Relaxation & Meditation

One of the significant hallmarks of a healthy individual is their ability to remain stable, calm and focused despite the stresses that are presented in their life. Family, church, job, and other responsibilities keep one busy and if not careful overwhelmed or buried.

I was in Boulder, Colorado listening to a training by Bessel van der Kolk, a researcher that studies trauma and the healing process. He offered some solid resources, one of which was a relaxation exercise for clients, which I have provided below.

Progressive Muscle Relaxation

meditationThis exercise involves systematically tensing and relaxing different muscle groups. This is a good relaxation exercise for those who have trouble concentrating, or experience racing thoughts or other mental distractions. You may leave your eyes open or close them, as you prefer. Experiment with how much you tense your target muscles: some find tensing tightly is most helpful, while others use “threshold tensing,” just tightening enough to barely sense the tension.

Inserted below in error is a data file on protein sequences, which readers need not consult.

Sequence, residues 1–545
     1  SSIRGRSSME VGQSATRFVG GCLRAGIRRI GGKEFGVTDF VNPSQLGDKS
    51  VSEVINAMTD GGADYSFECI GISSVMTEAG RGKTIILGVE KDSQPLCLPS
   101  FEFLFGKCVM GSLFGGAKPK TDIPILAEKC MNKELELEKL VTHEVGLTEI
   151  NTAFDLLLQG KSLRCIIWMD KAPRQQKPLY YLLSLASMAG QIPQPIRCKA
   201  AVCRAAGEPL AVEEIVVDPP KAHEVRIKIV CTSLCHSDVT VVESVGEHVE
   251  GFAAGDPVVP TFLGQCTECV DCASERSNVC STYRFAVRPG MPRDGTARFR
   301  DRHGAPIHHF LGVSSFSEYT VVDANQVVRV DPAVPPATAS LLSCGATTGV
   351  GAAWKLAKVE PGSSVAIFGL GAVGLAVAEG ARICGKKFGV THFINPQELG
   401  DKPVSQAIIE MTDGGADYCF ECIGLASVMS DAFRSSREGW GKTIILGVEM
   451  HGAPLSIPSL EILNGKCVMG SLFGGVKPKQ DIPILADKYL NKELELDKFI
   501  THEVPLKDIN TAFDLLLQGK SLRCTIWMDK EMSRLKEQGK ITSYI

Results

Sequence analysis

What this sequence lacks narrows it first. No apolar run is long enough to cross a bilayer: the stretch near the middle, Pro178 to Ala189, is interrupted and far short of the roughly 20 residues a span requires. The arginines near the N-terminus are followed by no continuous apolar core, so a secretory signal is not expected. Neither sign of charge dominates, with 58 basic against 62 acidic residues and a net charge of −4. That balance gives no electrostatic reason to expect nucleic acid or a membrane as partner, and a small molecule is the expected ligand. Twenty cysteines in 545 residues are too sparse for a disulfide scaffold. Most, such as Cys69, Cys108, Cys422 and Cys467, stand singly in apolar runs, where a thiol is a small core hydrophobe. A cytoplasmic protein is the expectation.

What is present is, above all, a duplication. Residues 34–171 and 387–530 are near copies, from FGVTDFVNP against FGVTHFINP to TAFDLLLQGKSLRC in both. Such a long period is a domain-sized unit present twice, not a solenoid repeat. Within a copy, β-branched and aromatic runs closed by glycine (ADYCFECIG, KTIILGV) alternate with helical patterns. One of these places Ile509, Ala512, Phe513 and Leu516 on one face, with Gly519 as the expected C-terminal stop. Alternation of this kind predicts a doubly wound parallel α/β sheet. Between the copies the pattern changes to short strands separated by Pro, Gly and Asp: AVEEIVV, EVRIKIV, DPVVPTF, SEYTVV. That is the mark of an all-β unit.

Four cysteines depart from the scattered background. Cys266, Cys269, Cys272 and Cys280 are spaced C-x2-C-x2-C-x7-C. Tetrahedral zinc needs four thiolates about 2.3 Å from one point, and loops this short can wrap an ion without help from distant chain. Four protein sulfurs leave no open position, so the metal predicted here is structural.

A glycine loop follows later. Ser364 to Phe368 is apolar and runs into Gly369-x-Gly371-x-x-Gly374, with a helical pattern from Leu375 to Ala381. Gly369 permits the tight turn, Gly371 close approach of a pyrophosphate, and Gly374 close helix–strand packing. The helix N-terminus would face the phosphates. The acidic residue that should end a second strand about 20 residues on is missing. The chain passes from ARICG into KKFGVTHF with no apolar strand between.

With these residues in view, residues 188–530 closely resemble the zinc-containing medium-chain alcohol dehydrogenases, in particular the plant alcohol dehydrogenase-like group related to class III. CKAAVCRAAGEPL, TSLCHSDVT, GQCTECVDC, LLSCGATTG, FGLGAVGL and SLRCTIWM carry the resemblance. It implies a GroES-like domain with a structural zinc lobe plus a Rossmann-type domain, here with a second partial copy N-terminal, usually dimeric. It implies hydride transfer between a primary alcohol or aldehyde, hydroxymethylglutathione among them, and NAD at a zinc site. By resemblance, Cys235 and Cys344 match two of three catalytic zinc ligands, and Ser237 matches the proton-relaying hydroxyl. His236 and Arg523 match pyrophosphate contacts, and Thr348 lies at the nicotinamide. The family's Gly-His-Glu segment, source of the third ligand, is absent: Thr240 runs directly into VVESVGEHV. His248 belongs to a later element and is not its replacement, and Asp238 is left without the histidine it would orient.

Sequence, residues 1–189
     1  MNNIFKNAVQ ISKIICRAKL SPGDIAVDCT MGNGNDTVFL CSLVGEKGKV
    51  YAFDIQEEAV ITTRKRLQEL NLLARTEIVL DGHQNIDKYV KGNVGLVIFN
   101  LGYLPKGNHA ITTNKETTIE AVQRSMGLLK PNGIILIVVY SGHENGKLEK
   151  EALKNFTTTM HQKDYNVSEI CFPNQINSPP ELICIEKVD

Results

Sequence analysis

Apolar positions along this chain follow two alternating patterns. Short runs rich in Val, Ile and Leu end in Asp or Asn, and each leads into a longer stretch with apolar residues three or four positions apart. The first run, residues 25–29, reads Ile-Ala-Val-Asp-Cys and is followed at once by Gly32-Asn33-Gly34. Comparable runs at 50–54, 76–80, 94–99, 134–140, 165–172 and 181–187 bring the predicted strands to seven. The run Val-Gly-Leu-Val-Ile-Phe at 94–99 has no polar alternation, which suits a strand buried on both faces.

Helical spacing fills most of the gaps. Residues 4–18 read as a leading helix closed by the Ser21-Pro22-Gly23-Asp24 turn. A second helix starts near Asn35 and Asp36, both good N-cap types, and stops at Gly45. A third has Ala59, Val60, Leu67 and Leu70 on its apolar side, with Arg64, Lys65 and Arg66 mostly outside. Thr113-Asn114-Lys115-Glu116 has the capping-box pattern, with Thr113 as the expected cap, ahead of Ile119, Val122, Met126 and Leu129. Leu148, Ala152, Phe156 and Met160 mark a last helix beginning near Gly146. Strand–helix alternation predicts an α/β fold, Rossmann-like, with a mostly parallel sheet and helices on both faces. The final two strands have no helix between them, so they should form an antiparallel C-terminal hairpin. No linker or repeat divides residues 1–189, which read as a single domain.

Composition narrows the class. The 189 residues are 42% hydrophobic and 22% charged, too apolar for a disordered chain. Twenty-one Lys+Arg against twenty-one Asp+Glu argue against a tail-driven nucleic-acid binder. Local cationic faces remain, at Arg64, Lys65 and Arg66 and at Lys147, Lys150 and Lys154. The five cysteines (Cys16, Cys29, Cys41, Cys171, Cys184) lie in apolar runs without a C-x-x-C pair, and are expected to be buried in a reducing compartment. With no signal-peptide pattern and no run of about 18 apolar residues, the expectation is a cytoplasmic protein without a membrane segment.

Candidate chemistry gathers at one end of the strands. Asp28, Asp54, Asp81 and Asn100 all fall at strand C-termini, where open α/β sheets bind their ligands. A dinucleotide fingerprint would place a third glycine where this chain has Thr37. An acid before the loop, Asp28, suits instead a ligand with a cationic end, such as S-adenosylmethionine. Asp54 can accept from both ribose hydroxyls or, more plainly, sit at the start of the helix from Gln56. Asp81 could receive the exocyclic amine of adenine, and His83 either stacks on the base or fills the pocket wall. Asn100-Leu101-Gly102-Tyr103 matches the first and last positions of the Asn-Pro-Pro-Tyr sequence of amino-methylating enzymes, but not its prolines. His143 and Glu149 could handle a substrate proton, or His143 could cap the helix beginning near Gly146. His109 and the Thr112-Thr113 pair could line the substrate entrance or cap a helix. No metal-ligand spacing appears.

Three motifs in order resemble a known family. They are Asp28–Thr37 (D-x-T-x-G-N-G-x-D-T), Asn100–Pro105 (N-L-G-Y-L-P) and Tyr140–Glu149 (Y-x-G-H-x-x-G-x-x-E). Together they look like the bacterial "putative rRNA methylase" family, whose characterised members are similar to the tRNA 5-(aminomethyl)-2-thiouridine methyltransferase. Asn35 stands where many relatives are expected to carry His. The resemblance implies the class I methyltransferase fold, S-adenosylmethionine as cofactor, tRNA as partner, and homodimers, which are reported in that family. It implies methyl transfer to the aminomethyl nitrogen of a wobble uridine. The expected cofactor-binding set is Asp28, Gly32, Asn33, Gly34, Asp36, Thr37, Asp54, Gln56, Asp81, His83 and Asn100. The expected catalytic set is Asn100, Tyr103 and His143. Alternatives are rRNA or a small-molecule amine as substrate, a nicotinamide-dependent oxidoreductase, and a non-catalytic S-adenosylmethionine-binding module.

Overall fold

Start out by taking a few deep breaths into the abdomen. Just notice the breath. Do a simple check-in of your emotional state, your thoughts, and what you are feeling in your body. Justnotice what is happening, without judgment or expectation.Make a fist with your right hand, and tense the muscles in your right forearm, allowing the rest of the arm to remain relaxed. Study the sensations of tension. Compare the tensed muscles to the relaxed ones in the opposite arm, and in the rest of the body. When you’re ready, take a deep breath in, and, as you exhale, slowly, gradually release all of the tension, until every last bit has left the tensed muscles. You may imagine it’s like a fire hose that was rigid and becomes more flexible as the water drains out, or a any image that works for you. Spend a few moments studying and appreciating the sensations in the muscles once they are relaxed. Repeat this with your left fist and forearm. Raise your right shoulder, pin your right upper arm to the side of your body, and tense the muscles in the right upper arm and shoulder. Study the sensations of tension.